We’ve all seen the photos of the re-opened gyms in Hong Kong with perspex screens between each running machine. There have also been yoga classes with each student confined inside a plastic sheeting cocoon. It looks futuristic, other-worldly – and bleak.
On Tuesday, the government announced measures to further ease the lockdown from Saturday 4th of July – aptly Independence day in the States. There will still be social distancing measures in place, but these will now be reduced to ‘one-metre plus’ where two metres is not possible, and with the addition of face coverings, additional hygiene, and altered layout for indoor public spaces. However, gyms, swimming pools, and by default – yoga studios – are not included in the businesses allowed to open from the 4th.
As disappointing as this will be for many, there is a (yet unconfirmed) rumour that mid-July is now set as the date. At some point, in-person classes will return. So let’s take a look at how yoga classes can operate NOW under the current guidelines – and IN THE FUTURE when the restrictions are lifted.
Ways You Can Teach Yoga NOW
With the ongoing uncertainty around indoor yoga teaching, outdoor classes could be an option.
Currently, the limit to any group gathering outdoors is up to six people from different households. This is with the proviso that you observe the two metre rule unless that person is from your own household or within your support bubble.
However, there are rules and regulations for teaching in a public park too (of course). If your class is free you won’t need to worry about that. But if you’re charging then you’ll need to get a license to teach. There are no standardised regulations for outdoor exercise licenses, so you’ll need to check your local council’s website for more information on their licensing rules.
It will of course be weather-dependent, and with the great British weather being what it is, it will be worth building in some backup plans in case you need to cancel. Make sure every attendee gives you a contact number so you can cancel at short notice. You’ll also need to have an online booking and payment system (this one, for example) to ensure that you don’t exceed the current regulation of six people and to avoid any cash transactions.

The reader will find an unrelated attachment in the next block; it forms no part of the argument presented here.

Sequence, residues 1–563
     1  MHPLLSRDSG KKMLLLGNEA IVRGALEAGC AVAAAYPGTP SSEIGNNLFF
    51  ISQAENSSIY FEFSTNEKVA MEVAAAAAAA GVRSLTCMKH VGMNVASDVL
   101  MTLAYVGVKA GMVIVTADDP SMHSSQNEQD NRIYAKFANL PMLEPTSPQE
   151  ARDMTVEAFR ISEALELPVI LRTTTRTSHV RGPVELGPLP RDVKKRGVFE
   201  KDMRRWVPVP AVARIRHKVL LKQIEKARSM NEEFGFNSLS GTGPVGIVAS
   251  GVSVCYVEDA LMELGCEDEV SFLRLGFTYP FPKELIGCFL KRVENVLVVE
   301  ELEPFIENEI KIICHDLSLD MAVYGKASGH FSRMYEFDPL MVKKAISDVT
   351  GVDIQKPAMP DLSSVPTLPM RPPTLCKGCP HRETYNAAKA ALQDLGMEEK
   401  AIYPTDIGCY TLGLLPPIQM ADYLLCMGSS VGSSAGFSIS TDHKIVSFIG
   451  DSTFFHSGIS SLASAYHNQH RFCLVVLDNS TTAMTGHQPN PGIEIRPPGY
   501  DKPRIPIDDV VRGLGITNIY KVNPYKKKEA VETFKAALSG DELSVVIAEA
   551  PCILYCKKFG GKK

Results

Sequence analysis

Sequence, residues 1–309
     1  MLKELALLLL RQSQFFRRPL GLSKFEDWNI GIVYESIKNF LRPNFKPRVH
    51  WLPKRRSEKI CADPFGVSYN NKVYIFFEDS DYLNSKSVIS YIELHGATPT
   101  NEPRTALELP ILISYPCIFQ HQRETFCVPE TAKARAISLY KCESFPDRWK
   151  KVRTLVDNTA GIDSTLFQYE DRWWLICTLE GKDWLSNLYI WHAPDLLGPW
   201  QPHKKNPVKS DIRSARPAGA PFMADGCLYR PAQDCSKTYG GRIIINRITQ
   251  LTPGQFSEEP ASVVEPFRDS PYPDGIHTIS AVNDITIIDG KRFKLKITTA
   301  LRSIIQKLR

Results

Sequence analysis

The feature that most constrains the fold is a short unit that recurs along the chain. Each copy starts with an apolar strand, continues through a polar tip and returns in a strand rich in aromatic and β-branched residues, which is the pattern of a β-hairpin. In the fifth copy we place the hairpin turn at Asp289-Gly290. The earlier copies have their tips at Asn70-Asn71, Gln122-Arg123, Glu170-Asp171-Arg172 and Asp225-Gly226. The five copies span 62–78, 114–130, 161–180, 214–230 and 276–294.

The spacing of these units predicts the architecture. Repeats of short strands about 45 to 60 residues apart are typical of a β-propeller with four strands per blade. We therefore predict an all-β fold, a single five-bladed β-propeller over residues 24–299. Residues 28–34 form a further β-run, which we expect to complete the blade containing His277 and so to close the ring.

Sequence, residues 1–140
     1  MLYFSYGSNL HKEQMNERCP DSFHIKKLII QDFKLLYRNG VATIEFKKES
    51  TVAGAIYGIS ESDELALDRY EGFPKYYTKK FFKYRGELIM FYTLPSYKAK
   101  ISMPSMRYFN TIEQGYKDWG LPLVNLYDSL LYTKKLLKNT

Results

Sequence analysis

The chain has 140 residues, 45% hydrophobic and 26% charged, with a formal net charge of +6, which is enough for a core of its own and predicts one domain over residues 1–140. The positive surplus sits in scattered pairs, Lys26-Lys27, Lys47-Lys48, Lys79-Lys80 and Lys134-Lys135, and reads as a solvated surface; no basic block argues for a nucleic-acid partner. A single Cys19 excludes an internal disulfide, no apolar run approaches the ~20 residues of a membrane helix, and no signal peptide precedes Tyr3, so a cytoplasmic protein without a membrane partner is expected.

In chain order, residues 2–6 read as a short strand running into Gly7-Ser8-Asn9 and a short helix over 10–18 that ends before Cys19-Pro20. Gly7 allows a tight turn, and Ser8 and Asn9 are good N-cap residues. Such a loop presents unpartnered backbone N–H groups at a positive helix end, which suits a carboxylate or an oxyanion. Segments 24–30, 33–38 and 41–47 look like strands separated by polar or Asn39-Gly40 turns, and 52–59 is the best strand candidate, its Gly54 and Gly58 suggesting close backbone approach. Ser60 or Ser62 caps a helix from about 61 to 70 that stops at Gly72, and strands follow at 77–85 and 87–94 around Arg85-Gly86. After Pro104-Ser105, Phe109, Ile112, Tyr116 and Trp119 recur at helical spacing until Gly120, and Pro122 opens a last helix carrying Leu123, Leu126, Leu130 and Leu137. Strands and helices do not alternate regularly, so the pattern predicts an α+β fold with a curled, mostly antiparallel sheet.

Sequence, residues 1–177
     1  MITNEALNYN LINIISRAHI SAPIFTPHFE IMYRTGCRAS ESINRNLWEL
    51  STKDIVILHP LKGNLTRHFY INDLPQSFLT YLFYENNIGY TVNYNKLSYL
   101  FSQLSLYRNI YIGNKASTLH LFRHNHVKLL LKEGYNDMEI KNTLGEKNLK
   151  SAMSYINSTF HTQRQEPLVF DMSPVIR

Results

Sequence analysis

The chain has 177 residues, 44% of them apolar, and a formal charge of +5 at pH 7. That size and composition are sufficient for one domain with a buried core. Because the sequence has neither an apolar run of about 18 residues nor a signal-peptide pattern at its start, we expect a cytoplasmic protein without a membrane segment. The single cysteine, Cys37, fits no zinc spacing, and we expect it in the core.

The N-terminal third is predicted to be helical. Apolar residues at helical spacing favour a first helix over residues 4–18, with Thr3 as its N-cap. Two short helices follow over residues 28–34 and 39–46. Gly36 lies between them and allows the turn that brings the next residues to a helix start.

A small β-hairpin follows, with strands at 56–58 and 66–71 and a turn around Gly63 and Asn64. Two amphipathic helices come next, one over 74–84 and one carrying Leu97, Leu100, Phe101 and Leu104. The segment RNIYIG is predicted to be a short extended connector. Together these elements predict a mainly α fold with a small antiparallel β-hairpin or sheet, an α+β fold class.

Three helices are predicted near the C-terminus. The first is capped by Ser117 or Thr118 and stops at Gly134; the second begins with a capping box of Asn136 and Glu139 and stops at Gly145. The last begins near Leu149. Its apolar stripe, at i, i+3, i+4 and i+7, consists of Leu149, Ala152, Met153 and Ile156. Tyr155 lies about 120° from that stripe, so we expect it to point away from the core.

Many yoga teachers made the move online within the first few weeks of the lockdown. Since then there’s been a steep learning curve as the technophobes among us have got to grips with new technology – as well as some not-so-new technology! Both teachers and students have begun to adapt to the ‘new normal’, and some interesting advantages have emerged.
- Classes can be flexible – with no venue to worry about, time slots can be changed as needed.
- Students are learning to be more responsible for their own bodies as they get to grips with practicing at home.
- Many more students have made space in their homes for yoga practice.
- Many students have invested in yoga equipment, meaning that they can practice at home.
- Teachers have enjoyed saving both time and energy spent on rushing to venues.
- Apart from subscribing to online platforms, there are very few costs involved.
- Your students don’t have to be local!
So, for now, there is plenty to enjoy about teaching online. However, there is also a lot that yoga teachers miss about the in-person experience. Some students haven’t made the leap to online classes and for them, knowing when we can teach in-person again is paramount.
How We Can Teach Yoga in the FUTURE
Sticking to Legal Requirements – Guidelines are changing week by week, and the first thing to do before planning any move back to is to keep up to date with government and local council guidelines. You can sign up to get email alerts when the government puts any update on Coronavirus onto the Gov.uk website. Remember that in order to comply with your PLI (Public Liability Insurance), you will need to stick to the government’s social distancing policy and all other guidelines.